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Corporate responsibility: For banks to change, everyone must change

We need to change the banking model – and that means every person has to take some responsibility. Perhaps UNEP FI’s principles are the way forward.


In November, the Pandora’s box of ‘what is a bank’s responsibility to society?’ will be opened when the United Nations Environment Programme Finance Initiative (UNEP FI) launches its Principles for Responsible Banking for public consultation. 

In some ways, it is amazing we are at this point where banks around the world are working with UNEP FI to create a framework around the role of banking; and in other ways it’s shocking that it has taken us so long to get here.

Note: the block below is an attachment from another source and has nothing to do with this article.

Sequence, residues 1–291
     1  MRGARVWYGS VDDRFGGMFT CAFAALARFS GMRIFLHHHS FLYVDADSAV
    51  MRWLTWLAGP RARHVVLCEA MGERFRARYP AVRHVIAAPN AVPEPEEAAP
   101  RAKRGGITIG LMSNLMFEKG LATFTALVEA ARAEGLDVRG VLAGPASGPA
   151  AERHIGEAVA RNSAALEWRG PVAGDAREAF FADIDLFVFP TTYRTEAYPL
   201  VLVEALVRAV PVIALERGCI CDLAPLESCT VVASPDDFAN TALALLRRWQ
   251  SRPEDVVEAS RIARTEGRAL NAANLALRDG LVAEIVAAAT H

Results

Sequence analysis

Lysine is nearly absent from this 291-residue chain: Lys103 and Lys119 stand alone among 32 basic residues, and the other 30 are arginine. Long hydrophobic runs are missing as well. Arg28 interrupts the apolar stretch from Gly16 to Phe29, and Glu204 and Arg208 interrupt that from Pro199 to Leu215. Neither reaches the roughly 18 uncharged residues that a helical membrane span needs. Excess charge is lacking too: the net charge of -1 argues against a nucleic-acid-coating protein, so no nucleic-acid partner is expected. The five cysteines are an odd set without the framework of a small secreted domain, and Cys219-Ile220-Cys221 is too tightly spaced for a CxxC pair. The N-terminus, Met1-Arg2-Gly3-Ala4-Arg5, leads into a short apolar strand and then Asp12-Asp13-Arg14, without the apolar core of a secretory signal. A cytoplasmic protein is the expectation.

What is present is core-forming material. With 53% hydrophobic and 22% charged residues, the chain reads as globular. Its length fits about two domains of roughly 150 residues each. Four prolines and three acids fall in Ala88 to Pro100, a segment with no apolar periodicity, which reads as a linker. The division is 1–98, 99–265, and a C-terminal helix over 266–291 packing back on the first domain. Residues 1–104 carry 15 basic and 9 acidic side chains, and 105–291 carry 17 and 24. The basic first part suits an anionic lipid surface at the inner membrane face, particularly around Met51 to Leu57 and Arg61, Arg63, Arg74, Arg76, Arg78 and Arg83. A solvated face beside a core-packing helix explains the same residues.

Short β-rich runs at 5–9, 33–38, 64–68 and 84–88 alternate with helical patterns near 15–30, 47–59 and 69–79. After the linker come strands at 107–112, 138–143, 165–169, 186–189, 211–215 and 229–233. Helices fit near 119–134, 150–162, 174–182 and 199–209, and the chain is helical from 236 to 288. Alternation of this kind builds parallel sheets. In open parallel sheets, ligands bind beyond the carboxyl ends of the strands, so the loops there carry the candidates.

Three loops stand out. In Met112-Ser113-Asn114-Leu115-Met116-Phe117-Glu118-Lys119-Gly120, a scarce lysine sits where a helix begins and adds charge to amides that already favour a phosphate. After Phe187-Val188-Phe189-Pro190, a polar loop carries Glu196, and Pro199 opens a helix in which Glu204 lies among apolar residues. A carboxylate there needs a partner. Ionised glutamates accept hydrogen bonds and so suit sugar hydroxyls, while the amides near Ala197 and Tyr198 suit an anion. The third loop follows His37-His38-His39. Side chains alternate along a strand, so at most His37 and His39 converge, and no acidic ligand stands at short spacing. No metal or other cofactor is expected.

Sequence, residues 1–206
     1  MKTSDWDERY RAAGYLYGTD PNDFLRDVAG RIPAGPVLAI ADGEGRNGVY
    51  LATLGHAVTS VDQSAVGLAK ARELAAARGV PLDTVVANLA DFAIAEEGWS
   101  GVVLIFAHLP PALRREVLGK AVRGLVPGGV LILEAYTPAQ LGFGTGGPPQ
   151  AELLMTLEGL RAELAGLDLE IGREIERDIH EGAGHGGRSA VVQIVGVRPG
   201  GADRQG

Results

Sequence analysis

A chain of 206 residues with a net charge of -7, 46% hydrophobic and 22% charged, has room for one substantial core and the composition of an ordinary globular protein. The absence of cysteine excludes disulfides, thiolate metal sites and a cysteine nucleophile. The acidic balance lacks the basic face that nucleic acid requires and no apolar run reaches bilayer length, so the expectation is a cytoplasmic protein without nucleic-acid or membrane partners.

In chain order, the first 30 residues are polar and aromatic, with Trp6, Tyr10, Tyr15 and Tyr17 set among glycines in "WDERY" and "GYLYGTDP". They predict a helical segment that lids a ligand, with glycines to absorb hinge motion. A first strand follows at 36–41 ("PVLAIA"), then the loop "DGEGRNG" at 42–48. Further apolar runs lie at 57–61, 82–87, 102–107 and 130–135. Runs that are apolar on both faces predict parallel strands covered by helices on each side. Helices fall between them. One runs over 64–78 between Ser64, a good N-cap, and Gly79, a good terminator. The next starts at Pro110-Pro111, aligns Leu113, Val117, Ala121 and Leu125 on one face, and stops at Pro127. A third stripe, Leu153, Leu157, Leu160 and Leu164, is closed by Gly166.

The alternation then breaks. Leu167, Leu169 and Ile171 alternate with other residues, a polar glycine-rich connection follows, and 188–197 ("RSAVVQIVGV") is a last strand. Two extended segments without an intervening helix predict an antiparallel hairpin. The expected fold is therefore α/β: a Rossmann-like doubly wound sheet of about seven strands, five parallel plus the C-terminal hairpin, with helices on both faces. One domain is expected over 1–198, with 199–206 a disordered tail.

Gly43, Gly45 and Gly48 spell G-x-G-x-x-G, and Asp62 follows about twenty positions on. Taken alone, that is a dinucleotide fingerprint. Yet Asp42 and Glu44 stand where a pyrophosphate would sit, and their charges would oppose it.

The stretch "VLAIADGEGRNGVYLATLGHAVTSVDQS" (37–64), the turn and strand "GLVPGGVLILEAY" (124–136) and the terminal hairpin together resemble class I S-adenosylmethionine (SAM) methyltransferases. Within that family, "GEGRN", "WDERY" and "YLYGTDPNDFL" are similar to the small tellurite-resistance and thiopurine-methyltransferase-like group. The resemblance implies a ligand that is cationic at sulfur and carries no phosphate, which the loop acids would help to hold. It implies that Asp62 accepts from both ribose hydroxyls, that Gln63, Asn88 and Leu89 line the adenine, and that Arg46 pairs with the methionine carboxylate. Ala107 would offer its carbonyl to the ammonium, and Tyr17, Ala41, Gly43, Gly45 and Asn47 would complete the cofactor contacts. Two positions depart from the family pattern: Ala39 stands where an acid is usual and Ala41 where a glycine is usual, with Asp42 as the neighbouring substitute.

We seem such a long way off having a banking industry that we can call ethical. There have been more than $300 billion in fines since the financial crisis. Just last year, EU and US banks were fined $11 billion, according to Capital Performance Group in Washington DC – and we look set for more of the same this year. That was down from around $30 billion in the previous two years, but it’s still billions in fines, and we haven’t even counted lawsuits filed and settled. 


It feels a little like basic banking ethics have been brushed aside for now as we enter a new arena, that of greenwashing: something that the European Commission is seeking to address with its taxonomy proposals for environmental finance and environmental, social and governance investment criteria in general.

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